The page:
I actually think these are all acceptable reasons to give job boards a shot, particularly the niche job boards or company job portals. Even though the percentages are dwarfed by the other, more effective methods, THERE ARE TIMES WHEN YOU NEED A BREAK. No one can be on their best game 100% of the time. It's simply not possible. Why not use the slack time to surf the boards and apply to a few jobs? It's a better bet than playing Angry Birds.

Just as the food police say that eating healthy fats should be a modest part of one's daily diet, so keeping an eye on job boards specializing in your function or industry can be a small part of a highly effective job search campaign. So keep networking and leveraging social media, but, when you need to, relax and do what's easy. Happy New Year!



Topics: job search, resumes, Get a Job, job boards, Monster.com

Hot Job Search Tip from a Xmas Party Reveler

Posted by Tyrone Norwood

Dec 9, 2011 5:41:00 PM

Job Search Tip

I went to a holiday party last night with a lot of renewable/green/sustainability folks and had a talk with someone there about how she got her job. This is her story (paraphrased):

"I was laid off in 2008 early in the recession. I thought, 'No problem, I've always gotten jobs easily before.' I went ahead doing networking and watching my favorite job board, Idealist.org. Eventually I saw something on Idealist.org.  They had a great job posted for this organization (energy nonprofit where she works now), but my application went nowhere. Then, after a bad year of just not getting anything, I took some advice I'd read somewhere and got a volunteer job. Because my career goal was to work at a nonprofit, I identified four places I'd like to work, and I volunteered at one of them, the PEM Museum (highly regarded smaller museum). That was great because I got references from them that covered some of the time I'd been unemployed. I submitted the references here and was offered a part-time job. I took it and also accepted a fellowship I was offered at the museum. And then took another job so I was working three jobs. When a full-time option came up here I was able to grab it. So I love it here, and it's a great job."

What's the takeaway? VOLUNTEER! I've heard executive recruiters say they'd rather see some meaningful volunteer work on someone's resume than "Consulting." Recently tweeted about an article on CIO Magazine's site that listed "passion" as one of the key attributes companies are looking for in key IT hires. Passion for anything, not just IT, they said. So, in choosing a volunteer activity, go with one related to your field and/or your passion.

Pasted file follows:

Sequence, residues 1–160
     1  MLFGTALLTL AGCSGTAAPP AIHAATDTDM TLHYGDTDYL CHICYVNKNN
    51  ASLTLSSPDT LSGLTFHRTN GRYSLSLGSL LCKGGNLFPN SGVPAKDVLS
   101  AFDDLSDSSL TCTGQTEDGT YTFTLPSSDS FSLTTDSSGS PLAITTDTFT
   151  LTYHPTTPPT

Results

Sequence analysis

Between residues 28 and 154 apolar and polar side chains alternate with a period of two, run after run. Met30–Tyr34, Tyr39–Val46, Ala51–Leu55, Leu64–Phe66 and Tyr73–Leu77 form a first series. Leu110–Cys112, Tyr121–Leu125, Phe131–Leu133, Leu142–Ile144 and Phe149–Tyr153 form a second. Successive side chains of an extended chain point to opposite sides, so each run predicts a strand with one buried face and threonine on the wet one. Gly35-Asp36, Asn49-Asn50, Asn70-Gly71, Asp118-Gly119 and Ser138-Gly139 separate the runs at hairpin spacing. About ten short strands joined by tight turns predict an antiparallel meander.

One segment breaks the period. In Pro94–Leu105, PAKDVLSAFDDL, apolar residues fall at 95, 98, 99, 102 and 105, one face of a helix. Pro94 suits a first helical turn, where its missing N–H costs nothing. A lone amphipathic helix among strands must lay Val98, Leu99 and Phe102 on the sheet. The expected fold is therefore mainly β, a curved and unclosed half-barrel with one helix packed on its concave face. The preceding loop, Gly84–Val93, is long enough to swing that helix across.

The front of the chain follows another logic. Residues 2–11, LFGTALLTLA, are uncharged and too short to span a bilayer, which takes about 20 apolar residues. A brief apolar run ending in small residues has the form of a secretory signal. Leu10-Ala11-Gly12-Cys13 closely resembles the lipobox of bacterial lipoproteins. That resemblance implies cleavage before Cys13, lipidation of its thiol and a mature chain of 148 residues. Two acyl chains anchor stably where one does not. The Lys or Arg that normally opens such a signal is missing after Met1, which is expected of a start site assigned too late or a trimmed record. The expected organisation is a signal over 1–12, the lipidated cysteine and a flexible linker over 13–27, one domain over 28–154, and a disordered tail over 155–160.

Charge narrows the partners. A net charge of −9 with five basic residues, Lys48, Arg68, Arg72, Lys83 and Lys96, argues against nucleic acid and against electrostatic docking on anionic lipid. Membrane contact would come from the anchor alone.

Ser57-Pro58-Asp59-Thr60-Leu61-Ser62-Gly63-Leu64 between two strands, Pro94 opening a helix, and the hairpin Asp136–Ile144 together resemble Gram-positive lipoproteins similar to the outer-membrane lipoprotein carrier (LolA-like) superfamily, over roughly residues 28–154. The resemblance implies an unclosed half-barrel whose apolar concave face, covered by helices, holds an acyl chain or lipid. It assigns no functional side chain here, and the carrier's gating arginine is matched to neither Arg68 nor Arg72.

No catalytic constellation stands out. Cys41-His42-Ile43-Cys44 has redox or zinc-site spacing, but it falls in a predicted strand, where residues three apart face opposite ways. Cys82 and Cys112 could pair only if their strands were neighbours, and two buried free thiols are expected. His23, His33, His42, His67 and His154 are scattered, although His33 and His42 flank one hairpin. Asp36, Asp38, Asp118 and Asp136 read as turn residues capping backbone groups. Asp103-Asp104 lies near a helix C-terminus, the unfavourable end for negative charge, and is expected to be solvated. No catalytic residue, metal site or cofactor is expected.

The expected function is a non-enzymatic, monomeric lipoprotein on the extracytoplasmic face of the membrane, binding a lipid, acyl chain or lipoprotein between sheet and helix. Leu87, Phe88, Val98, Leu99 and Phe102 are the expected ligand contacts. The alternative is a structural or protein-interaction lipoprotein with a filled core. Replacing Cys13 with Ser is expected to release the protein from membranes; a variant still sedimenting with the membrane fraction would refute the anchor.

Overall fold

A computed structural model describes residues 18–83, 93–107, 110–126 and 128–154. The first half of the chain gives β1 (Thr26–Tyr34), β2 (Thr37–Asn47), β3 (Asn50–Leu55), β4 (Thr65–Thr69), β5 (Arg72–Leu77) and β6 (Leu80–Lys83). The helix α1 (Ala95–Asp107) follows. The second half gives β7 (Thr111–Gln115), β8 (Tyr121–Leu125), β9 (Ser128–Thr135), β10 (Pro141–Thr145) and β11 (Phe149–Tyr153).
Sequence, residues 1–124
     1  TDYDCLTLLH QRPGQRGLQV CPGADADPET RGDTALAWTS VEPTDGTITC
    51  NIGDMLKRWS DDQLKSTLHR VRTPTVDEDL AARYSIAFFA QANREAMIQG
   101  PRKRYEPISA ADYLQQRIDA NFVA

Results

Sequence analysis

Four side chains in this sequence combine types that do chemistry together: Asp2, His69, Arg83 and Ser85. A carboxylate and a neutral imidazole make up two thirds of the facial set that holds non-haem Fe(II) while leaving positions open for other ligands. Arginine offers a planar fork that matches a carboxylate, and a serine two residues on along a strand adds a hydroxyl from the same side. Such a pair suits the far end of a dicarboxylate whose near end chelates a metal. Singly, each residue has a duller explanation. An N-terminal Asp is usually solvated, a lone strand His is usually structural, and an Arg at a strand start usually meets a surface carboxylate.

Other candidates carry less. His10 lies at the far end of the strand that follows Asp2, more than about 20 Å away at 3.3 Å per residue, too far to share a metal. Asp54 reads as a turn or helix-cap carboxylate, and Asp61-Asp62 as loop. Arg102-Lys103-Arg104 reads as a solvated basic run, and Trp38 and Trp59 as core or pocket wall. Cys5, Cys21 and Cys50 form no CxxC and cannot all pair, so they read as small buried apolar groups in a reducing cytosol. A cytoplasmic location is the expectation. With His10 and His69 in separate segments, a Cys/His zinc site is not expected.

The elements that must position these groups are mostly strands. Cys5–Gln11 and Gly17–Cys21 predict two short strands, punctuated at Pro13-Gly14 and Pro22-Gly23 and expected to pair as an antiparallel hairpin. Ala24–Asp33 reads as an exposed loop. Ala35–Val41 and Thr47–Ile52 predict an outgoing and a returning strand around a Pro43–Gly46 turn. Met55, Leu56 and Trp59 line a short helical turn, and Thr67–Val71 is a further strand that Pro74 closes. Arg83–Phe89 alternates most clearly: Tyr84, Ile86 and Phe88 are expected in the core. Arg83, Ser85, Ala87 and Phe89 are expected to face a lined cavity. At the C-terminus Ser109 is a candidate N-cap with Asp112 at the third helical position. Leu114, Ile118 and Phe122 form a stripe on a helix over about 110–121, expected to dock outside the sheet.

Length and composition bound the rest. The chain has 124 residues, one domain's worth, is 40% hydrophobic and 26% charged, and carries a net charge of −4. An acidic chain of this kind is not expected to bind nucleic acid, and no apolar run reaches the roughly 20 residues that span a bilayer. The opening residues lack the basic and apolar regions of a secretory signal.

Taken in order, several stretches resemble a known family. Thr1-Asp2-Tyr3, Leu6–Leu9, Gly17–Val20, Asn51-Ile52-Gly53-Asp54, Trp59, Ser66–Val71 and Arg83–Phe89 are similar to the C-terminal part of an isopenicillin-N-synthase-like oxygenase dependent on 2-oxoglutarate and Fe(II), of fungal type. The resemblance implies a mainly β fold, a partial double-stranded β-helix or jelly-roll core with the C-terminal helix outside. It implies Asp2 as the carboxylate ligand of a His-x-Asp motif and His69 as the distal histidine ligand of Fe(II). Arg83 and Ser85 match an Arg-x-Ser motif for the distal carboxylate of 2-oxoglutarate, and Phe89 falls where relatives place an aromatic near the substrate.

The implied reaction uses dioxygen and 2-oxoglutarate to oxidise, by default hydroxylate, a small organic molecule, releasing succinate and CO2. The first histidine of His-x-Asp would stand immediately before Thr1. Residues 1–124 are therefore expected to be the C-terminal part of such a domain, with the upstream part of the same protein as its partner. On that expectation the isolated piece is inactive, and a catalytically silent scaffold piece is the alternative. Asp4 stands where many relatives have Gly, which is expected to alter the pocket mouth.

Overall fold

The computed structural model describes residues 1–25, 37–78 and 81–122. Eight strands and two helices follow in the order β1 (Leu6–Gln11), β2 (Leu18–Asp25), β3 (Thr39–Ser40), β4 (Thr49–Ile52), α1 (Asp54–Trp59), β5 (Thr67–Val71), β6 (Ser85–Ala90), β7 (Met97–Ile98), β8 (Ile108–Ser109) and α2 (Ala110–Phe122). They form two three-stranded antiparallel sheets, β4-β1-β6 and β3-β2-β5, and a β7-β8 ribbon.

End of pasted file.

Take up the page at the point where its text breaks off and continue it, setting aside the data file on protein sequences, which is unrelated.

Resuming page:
Cross-posted at Career Hub Blog


Went to a holiday party last night with a lot of renewable/green/sustainability folks and had a talk with someone there about how she got her job. This is her story (paraphrased):

"I was laid off in 2008 early in the recession. I thought, 'No problem, I've always gotten jobs easily before.' I went ahead doing networking and watching my favorite job board, Idealist.org. Eventually I saw something on Idealist.org  and they had a great job here (location of party), but my application went nowhere. Then, after a bad year of just not getting anything, I took some advice I read about and got a volunteer job. Because my career goal was to work at a nonprofit, I identified four places I'd like to work, and I volunteered at one of them, the PEM Museum (highly regarded smaller museum). That was great because I got references for the time I'd been unemployed. I submitted the references here (energy nonprofit where she works now) and was offered a part-time job. I took it and accepted a fellowship I was offered at the museum. And then took another job so I was working three jobs. When a full-time option came up here I was able to grab it. So I love it here, and it's a great job."

What's the takeaway? VOLUNTEER! I've heard executive recruiters say they'd rather see some meaningful volunteer work on someone's resume than "Consulting." Recently tweeted about an article on CIO Magazine's site that listed "passion" as one of the key attributes companies are looking for in key IT hires. Passion for anything, not just IT, they said. So, in choosing a volunteer activity, go with one related to your field and/or your passion.


Cross-posted at http://www.aresumefortoday.com/high-tech-resumes/



Topics: job search, Jobs, Get a Job, career management, letters of recommendation

Interview Follow-up: 10 Things to Do Right

Posted by Tyrone Norwood

Nov 28, 2011 12:46:00 PM


A good first impression can be squandered without an equally good follow-up. It's important to follow up with the employer in a way that shows your continued interest and helps your candidacy. Here are 10 tips: